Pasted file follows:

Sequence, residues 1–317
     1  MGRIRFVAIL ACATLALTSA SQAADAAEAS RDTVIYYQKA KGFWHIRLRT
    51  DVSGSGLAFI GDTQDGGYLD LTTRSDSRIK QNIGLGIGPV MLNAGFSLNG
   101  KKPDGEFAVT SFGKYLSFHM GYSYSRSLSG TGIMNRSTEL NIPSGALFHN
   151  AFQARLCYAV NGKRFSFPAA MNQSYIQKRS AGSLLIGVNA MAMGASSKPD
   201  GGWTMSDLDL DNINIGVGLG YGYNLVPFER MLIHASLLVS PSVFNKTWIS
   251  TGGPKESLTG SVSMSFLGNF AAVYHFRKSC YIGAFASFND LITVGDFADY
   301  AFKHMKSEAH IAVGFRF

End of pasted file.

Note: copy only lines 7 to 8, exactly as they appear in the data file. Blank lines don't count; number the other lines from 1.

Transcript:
   251  TGGPKESLTG SVSMSFLGNF AAVYHFRKSC YIGAFASFND LITVGDFADY
   301  AFKHMKSEAH IAVGFRF